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HOME  > Past issues  > 2013 March 27 - April 2  > Gov’t textbook screening makes many revised descriptions vague
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2013 March 27 - April 2 [EDUCATION]

Gov’t textbook screening makes many revised descriptions vague

March 27 & 28, 2013
Descriptions in the next school year’s textbooks for geography, history, and civics classes have been modified in accordance with government views as a result of the textbook screening process. A publishing workers’ union and an education-related citizens’ network are criticizing the modifications as obscuring facts.

The ministry of education on March 26 released the result of the government screening on those textbooks which are scheduled to be used in high schools from April.

Regarding the issue of postwar reparations, the authorities had the explanation changed from “not solved yet” to “already been solved”.

In terms of nuclear power generation, some textbooks had described that Japan “should break away from nuclear energy” but were forced to revise them to “opinions calling for denuclearization have become widely heard.”

All history textbooks state something about the Nanjing Massacre in which the Japanese Imperial Army slaughtered many Chinese residents during the war. The government screening panel, however, urged some textbooks to change the statement from “at least 100,000 people were killed” to “there are several theories about the number of victims.”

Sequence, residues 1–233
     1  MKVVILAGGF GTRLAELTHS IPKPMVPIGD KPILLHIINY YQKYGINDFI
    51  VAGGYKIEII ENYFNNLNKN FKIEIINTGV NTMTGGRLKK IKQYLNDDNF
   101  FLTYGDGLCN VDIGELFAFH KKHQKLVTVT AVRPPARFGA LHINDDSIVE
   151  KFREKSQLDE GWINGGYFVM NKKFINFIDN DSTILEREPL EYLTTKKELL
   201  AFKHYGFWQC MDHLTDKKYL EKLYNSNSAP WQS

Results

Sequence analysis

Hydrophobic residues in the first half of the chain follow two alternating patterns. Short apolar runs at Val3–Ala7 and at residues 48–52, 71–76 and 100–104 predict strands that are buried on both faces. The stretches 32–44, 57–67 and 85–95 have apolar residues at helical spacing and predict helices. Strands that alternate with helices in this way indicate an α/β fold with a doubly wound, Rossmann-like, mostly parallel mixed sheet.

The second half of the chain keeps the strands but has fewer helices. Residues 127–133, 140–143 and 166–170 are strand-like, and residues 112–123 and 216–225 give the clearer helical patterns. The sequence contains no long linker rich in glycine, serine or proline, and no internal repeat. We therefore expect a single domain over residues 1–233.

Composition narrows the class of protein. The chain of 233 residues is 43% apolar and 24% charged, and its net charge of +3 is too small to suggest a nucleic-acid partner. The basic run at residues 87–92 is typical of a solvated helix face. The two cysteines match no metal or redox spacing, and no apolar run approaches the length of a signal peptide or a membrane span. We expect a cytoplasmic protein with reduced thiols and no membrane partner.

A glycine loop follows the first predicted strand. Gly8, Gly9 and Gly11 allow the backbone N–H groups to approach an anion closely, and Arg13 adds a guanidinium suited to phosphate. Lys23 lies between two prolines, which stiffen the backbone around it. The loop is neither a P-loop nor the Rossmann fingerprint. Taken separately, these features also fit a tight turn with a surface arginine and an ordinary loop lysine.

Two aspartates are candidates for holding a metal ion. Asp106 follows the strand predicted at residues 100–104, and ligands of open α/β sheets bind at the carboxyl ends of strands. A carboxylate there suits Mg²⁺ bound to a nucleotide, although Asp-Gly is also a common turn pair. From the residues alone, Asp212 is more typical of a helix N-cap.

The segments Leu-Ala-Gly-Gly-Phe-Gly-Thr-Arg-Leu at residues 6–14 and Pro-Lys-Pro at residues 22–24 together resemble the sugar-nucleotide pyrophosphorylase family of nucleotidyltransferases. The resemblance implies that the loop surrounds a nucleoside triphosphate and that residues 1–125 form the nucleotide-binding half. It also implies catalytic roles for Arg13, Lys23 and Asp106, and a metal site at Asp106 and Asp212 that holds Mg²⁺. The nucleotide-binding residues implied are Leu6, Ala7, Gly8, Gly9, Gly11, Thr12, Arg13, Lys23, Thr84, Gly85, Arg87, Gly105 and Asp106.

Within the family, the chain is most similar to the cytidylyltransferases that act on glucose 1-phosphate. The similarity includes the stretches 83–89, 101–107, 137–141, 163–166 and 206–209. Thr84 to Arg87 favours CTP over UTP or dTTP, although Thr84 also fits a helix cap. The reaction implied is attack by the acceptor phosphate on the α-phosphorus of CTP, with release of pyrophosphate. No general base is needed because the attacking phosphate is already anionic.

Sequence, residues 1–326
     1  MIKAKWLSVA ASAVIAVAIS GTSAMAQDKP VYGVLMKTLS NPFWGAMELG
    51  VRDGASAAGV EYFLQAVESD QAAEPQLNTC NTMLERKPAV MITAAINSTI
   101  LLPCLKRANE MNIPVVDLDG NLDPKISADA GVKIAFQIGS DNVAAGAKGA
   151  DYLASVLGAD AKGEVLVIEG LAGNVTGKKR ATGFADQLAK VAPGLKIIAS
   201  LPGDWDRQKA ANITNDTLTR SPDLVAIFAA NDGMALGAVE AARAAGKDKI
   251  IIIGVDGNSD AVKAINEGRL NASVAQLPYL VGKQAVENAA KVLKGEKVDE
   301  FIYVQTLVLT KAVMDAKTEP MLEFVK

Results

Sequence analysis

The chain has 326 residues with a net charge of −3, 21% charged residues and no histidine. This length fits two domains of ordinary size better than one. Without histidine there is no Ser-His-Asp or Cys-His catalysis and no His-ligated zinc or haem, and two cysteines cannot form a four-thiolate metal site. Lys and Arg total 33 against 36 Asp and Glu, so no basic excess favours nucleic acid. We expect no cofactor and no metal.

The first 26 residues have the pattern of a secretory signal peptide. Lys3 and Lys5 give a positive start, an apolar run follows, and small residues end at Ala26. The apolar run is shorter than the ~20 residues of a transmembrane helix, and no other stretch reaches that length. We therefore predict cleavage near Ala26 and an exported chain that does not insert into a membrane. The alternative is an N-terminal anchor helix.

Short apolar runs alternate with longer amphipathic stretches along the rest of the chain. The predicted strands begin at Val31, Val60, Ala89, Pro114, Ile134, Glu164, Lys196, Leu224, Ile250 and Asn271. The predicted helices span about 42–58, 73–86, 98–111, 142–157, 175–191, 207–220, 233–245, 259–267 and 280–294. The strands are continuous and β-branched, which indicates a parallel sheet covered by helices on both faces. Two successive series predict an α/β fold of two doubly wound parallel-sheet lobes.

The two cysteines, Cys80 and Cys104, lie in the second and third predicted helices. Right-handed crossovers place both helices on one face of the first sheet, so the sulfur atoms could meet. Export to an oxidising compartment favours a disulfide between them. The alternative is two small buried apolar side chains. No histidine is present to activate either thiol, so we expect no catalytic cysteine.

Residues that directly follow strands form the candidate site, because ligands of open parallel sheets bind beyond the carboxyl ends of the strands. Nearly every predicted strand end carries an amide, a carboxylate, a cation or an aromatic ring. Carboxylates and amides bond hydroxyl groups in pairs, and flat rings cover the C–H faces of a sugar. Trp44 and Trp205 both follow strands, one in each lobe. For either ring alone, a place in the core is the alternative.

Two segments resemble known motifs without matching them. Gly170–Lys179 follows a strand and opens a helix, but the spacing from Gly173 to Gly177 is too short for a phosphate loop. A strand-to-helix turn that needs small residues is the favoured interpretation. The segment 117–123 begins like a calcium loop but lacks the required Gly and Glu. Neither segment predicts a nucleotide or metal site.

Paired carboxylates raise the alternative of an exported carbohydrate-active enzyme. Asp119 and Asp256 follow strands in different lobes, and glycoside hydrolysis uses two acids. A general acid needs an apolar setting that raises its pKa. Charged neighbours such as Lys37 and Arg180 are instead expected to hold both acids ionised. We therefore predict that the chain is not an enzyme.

Concerning Japanese territories, the government examiners had some authors and publishers replace the description treating the Senkaku Islands in the same way as the Takeshima Islands with a description like “China claims its sovereignty over Okinawa’s Senkaku islands” based on the government position that there is no territorial dispute over the Senkakus.

The Children and Textbooks Japan Network 21 on the same day issued a comment calling into question the government’s intervention in textbook descriptions as a means to distort and obscure historical facts. The network argued that the imposition of significant changes in the textbooks by the state is inappropriate.

The Japan Federation of Publishing Workers’ Unions (Syuppan-roren) also expressed its view that publishers and authors were forced to confirm government positions or, for example, underestimate the risk of nuclear power generation in order to obtain government endorsement.
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